7 Thematic analysis Thematic analysis is a way of seeing, as well as a process for coding qualitative information. The researcher must make many decisions about the process of identifying themes, and he or she must inform others why specific categories were chosen. The researcher must decide how he or she will code the data to enable categorisation themes to emerge. Another decision the researcher must make when analysing data is whether to analyse the interview data obtained from each participant independently or whether to use cross-case analysis. Phases of thematic analysis (Braun & Clarke, 2006) Phase Description of the process 1. Familiarizing yourself Transcribing data, reading and re-reading the data, with your data: noting down initial ideas. 2. Generating initial codes: Coding interesting features of the data in a systemic fashion across the entire data set, collating data relevant to each code. 3. Searching for themes: Collating codes into potential themes, gathering all data relevant to each potential theme. 4. Reviewing themes: Checking if themes work in relation to the coded extracts(level1), and the entire data set (Level 2), generating a thematic map of the analysis. 5. Defining and naming themes: Ongoing analysis to refine the specifics of each theme, and the overall story the analysis tells, generating clear definitions and names for each theme. 6. Producing the report: The final opportunity for analysis. Selection of vivid, compelling extract examples, final analysis of selected extracts, relating back of the analysis to their search question and literature, producing a scholarly report of the analysis. Coding in a thematic analysis approach 1. Open and relational coding is used in the creation of categories. Some ways in which categories can be related include: Cause Code A causes Code B Aspect Code A is an Aspect of Code B Associate Code A is Associated with Code B Contrast Code A contrasts with Code B 2. Merging and splitting codes is used to realign codes eg e.g. Codes A or B now just become A (merging): OR Code A becomes A1 and A2 (splitting) 3. Creating a new code (sometimes called a main code ) from two existing codes -anything that has been coded as A AND B is coded as C Codes A and B are still maintained as distinctive codes though. 4. Creating a Code Family placing a group of codes into a code grouping (without actually using that grouping as a new code, as with main codes ). Grounded theory Glaser and Strauss (1967) and Glaser (1992): 1. The researcher identifies and begins to gather data from an area chosen for investigation, mindful of the overall aim of building a theoretical analysis from these data. 2. Because the grounded theory method refrains from the standard or traditional method of beginning with a preconceived framework or hypotheses, these data provide the necessary abstract concepts and propositions upon which the researcher builds theory or a conceptual theoretical ti framework. 3. Data continue to be collected and simultaneously examined line by line and coded according to the similarity of the material to other gathered material ( coding ). 4. The aim is to assemble all of the necessary codes to enable the construction of a conceptual unit that when combined with others may be useful in the eventual construction of a conceptual framework. 5. Analytical memos are produced by the researcher at the same time to summarise the emerging theoretical explanations. Grounded theory II 5. Data collection stops when the researcher decides that no new material, or new codes, are being generated. 6. At the same time, each code is gradually merged into bigger codes or conceptual units until main codes, or categories, emerge. 7. Every incident within each new category is compared with the dimensions or properties of that category to allow integration into a unified whole. 8. The categories and their properties are examined for underlying uniformities that may eliminate extraneous material and subsequently reduce the number of categories to a sufficiently representational level. This process is part of the process of theoretical saturation. 9. From the detailed examination of codes by means of constant comparative analysis, and their conversion into bigger codes, a core integrating category, or a core variable eventually emerges. Grounded theory: Examples of theoretical propositions (Woods, 1997) Nurses develop an understanding of professional moral values within the socio-political and health care contexts by focusing and refining their moral perceptions through a variety of experiences in training and in beginning g practice. Nurses refine and attempt to maintain a nursing ethic throughout their careers by a process of constant refocusing on the nurse-patient relationship in specific contexts. Morally competent and experienced nurses commit themselves to specific ethical problems in their practice by adopting focused and effective levels of involvement. Morally competent and experienced nurses provide skilled and professional care that is guided by a nursing ethic. 7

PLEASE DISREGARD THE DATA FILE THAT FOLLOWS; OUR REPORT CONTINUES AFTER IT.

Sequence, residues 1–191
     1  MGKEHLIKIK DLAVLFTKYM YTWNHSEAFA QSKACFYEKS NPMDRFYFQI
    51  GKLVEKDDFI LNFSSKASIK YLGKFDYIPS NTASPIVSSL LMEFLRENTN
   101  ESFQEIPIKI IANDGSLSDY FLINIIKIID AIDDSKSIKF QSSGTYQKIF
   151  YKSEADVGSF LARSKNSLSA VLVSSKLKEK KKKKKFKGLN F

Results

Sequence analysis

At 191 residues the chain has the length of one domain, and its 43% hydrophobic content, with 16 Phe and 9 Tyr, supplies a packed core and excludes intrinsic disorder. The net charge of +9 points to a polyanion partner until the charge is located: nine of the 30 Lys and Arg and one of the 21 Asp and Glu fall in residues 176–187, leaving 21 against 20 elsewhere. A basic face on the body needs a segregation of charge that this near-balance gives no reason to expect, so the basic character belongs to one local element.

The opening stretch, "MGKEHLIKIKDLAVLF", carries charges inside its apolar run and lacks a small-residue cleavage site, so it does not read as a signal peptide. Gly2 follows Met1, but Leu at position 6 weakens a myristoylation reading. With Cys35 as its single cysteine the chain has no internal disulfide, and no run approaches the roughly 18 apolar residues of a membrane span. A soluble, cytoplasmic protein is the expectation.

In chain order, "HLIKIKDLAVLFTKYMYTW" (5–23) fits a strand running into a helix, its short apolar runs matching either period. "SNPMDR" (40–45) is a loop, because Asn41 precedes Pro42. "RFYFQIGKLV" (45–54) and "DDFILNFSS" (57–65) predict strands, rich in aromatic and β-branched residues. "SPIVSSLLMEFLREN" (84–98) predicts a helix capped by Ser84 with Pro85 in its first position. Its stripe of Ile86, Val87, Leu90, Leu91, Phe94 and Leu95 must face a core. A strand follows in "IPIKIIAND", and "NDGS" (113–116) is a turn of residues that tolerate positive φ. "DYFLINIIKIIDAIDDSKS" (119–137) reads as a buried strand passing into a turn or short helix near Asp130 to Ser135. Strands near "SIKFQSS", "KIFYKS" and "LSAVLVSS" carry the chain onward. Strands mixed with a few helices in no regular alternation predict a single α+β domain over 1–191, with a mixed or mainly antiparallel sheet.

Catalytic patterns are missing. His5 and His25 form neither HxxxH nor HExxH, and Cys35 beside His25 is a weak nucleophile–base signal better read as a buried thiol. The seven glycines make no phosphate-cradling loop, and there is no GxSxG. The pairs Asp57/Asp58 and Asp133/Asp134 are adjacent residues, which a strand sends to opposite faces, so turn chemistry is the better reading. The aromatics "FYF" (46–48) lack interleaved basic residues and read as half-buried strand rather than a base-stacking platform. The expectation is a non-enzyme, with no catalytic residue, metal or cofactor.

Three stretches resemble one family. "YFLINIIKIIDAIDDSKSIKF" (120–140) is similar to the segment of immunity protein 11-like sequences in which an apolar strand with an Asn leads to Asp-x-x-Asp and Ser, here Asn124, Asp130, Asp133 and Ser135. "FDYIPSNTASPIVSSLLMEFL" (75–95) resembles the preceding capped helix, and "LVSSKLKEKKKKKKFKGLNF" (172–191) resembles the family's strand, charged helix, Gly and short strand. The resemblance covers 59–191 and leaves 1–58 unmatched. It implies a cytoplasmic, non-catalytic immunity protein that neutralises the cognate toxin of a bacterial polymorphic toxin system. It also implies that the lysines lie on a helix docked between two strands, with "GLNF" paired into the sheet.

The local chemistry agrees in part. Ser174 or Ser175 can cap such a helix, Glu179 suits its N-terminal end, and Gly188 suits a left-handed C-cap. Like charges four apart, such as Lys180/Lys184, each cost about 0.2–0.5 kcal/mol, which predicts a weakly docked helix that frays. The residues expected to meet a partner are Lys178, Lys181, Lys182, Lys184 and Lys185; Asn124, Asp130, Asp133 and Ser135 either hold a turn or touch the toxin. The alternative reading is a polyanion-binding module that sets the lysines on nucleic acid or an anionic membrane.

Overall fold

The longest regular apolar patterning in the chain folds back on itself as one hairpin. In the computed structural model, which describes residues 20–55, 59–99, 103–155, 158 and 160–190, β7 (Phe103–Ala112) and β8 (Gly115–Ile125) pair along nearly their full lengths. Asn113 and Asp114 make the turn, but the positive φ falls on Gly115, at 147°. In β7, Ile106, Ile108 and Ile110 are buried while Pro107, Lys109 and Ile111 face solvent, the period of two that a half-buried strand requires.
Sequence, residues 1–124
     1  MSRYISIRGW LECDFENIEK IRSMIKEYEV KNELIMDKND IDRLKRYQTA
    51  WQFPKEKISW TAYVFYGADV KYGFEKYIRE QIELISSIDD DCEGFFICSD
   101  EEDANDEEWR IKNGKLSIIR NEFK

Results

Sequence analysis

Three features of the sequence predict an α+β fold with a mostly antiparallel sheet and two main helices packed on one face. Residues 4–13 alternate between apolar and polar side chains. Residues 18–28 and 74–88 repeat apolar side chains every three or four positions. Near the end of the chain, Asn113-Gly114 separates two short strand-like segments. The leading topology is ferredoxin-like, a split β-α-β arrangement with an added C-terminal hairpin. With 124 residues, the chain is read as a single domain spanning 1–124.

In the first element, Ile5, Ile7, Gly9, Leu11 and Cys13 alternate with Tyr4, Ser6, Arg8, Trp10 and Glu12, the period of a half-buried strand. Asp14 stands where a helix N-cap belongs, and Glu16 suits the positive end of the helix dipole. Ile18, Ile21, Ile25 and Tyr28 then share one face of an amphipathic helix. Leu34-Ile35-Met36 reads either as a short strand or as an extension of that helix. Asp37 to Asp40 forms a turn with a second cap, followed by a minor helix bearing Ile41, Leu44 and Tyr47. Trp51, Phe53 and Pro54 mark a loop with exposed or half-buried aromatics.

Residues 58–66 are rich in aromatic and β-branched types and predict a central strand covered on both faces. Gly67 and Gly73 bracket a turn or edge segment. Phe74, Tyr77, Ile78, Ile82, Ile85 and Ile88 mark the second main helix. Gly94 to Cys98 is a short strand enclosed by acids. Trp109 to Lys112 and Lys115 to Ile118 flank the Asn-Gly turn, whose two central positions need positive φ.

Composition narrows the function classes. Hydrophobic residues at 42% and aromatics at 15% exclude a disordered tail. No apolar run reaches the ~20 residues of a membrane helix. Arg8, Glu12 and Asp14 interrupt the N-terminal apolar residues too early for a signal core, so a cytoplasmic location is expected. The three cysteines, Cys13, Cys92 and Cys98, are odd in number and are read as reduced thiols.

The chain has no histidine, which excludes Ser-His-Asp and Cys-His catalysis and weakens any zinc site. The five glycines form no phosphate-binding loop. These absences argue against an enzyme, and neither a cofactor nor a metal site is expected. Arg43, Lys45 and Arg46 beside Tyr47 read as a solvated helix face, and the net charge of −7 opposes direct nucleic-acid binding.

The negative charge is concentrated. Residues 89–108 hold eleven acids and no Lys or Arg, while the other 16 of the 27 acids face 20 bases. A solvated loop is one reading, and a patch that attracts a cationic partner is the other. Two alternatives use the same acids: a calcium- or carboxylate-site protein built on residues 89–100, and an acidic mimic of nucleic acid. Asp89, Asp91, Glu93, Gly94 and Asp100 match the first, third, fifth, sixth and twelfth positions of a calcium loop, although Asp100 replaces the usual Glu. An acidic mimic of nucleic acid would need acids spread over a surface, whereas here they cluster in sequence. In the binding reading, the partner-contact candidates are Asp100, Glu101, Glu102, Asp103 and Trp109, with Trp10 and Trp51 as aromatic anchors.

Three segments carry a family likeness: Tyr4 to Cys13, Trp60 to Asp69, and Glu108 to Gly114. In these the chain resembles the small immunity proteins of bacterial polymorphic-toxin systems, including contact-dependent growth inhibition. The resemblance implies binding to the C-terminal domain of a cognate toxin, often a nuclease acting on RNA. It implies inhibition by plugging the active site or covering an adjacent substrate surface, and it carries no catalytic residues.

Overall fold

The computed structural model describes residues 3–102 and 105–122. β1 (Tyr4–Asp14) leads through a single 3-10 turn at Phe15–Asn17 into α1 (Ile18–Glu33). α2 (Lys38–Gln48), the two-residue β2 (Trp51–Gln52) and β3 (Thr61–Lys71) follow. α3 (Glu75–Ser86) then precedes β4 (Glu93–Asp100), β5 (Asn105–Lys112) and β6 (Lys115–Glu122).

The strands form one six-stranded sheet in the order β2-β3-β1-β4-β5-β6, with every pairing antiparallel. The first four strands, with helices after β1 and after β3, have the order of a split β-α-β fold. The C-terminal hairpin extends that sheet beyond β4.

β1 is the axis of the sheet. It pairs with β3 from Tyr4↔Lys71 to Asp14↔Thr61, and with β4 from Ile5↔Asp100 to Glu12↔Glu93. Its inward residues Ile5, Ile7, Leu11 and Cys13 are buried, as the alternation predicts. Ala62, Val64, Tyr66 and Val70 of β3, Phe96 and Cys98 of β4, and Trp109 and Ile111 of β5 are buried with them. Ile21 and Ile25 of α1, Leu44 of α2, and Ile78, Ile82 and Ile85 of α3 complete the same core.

8 Discourse analysis As an analytical method, discourse analysis is based on two central ideas: The first idea is that language has meaning that is both historically and socially situated (Cheek & Rudge, 1994). That is, the ways of communicating through a variety of texts ts (such as newspapers, books, journals, interviews, ie recorded observations, drawings and film) are also ways of supplying meaning at a given time and within a given group or population. Secondly, discourse analysis remains firmly fixed within [con]texts; that is, within social, cultural, political and historical realms, and not, as is commonly seen in generally modernist scientific approaches, by disengaging from or minimising the effect of context. DA; the general analytical approach Parker s (1992) four main stages of discourse analysis were used as a guide for the organisation and analysis of the research material. The four stages are: Introduction: The study is positioned with respect to its relationship with other substantive works drawn from a traditional search of literature. Other discursive studies may be included in this composition. Also, the types of texts to be analysed and the types of questions and issues that drive the research are discussed to supply a contextual basis for the research. Methodology: Detail is given about specific texts to be analysed, i.e. why these texts were chosen, why other texts were dismissed, and how these texts were obtained. Analysis: Texts are examined using intuition, particular attention being paid to the absence of possible discursive frames and other emerging themes. Discussion: The analyses are linked to other material in the area in order to draw out points for consideration of the substantive area under consideration. This stage involves reflection on the issues raised by the method, including the position of the researcher. The parents response Discourse analysis: a rough analytical model Loss of faith Loss of trust Loss of hope, altruism and/or respect Using the system against itself Playing the part Standing ground Taking back and maintaining control The doctor s response Maintain the relationship Improve communication Change the language Negotiate Attempt compromise Revert to paternalism Reattempt all previous negotiations/compromises Allow harmless alternative therapies Send in the troops - get support Redefine the meaning of normal treatments Use the law as an ally The nurse s response The nurse as the parents supporter The nurse as a medical collaborator The nurse as in- between parents, physicians and the institute Being a team player Being always ready to contribute Being a supportive bystander Being a member of the team Being the expert go-between Analysing focus group data: brief notes Analysis of focus group data follows the same processes as for qualitative data from other sources (e.g., documents, narratives). An inductive approach based on content analysis is used. Some issues inherent in analysing focus group data relate to the analysis of qualitative data generally. Other issues, however, such as consensus and dissent, strength of opinion, and generalisation pertain specifically to the analysis of focus group data. For example, focus groups explore collective phenomenology and may indicate attitudinal consensus poorly. In addition, although focus groups reveal the nature and range of participants' views, they are less able to reveal the strength of these views. 8